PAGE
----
The intensity or the depth of the burns on the sheet 13, in the individual areas, may be varied by controlling for example the time of contact with the flames 17, and in any case must be such so as not to cause damage nor cut into the fibre structure of the wood excessively.

After the phase of surface spot burning the sheets 13, these are spread on one or both sides with a glue or adhesive material, in a glueing station 18, until a block of sheets 19 is formed, of predetermined thickness, which is placed in a press 20 having moulds 21 and 22 with protrusions and raised parts suitable for deforming and shaping the sheets of the block 19 as required.

After compression, the block of wood 19 is then removed from the press 20 and transferred to a cutting station 23 where the cutting phase of the sheets is performed along a desired cutting plane. The cut sheets are dried for example in a continuous drying oven 24 to produce the final briar veneer sheets 25.

As stated previously, the spot burnt surface of the sheets 13 must take place in a controlled and repeatable manner, not only as regards shape, dimensions and position of the individual burnt areas 13a on the same side of the sheet, but also as regards the intensity and depth of each individual burn and in general of the spot stained areas. In fact, given that individual sheets of natural wood 13 may also have a relatively small thickness, for example a few thenths of a millimeter, or greater thicknesses, steps must be taken so that each individual surface burn does not penetrate deeply into the thickness of the sheet and does not appear on the opposite face. From tests carried out it has been observed that the depth of each burn must preferably be equal to or smaller than 50% of the thickness of the sheet itself. This can be achieved by controlling both the intensity and the distance of the flames 17 from the sheet 13, or more generally the temperature of the burning means and the time they are in contact with the sheets of wood. Since the effects which can be achieved on the briar pattern in the final product depend upon the intensity of the surface burning or spot staining of the sheets, each time appropriate burning or staining tests and a check of the characteristics of the wood used must be performed.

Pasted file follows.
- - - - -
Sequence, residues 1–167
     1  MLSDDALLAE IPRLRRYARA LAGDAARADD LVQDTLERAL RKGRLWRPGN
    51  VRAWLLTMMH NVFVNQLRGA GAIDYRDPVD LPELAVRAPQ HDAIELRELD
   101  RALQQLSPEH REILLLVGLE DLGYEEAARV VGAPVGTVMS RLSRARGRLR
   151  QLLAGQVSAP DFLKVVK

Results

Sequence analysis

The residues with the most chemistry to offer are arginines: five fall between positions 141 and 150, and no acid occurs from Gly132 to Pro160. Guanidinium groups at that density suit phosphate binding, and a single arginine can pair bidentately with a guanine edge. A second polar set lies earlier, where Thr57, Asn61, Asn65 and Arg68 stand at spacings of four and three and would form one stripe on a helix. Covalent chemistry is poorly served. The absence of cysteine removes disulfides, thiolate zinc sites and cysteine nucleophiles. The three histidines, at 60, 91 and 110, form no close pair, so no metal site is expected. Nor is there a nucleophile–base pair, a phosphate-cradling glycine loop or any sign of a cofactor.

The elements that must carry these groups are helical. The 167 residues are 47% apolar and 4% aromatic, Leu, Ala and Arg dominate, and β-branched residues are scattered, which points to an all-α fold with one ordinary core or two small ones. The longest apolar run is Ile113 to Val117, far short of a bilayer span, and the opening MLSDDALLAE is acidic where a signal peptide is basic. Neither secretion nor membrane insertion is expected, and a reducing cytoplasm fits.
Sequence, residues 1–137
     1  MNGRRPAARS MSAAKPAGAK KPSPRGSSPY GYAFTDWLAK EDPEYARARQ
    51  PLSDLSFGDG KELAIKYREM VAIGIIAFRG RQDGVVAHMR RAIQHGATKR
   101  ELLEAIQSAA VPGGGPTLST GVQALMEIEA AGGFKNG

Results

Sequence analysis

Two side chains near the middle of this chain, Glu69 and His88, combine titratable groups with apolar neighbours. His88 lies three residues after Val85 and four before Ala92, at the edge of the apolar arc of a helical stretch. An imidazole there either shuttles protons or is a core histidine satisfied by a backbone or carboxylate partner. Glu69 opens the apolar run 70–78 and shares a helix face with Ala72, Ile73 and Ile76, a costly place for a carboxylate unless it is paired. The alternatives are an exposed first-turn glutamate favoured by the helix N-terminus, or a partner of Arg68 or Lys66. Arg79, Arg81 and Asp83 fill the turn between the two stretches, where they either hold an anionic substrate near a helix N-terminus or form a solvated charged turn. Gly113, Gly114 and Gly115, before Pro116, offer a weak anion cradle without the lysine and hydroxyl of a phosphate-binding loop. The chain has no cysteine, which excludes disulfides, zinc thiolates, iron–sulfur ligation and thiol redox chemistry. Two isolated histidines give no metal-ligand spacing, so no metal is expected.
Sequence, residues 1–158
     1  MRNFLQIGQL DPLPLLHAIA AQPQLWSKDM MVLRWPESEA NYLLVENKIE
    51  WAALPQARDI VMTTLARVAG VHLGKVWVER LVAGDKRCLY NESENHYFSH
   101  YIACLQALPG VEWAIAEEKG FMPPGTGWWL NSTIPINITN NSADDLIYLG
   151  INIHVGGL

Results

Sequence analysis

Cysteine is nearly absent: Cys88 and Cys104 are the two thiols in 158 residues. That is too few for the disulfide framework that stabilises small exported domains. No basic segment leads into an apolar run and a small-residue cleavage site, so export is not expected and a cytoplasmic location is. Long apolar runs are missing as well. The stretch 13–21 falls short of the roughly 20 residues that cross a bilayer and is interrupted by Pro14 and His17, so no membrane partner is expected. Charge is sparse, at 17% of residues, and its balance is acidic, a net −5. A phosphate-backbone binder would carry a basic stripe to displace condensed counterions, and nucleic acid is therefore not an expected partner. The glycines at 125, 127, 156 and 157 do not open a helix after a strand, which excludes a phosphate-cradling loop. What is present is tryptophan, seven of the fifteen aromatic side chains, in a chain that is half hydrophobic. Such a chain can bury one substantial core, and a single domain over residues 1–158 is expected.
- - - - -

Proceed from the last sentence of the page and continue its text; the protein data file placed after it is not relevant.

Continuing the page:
FIG. 4 shows by way of an example a form of briar pattern which can be obtained by means of the method according to the invention. The parts most blakened in FIG. 4 represent the grains of the briar in correspondence of which burnt or spot stained areas 13a appear on the surface of the individual sheets 13 which make up the block 19.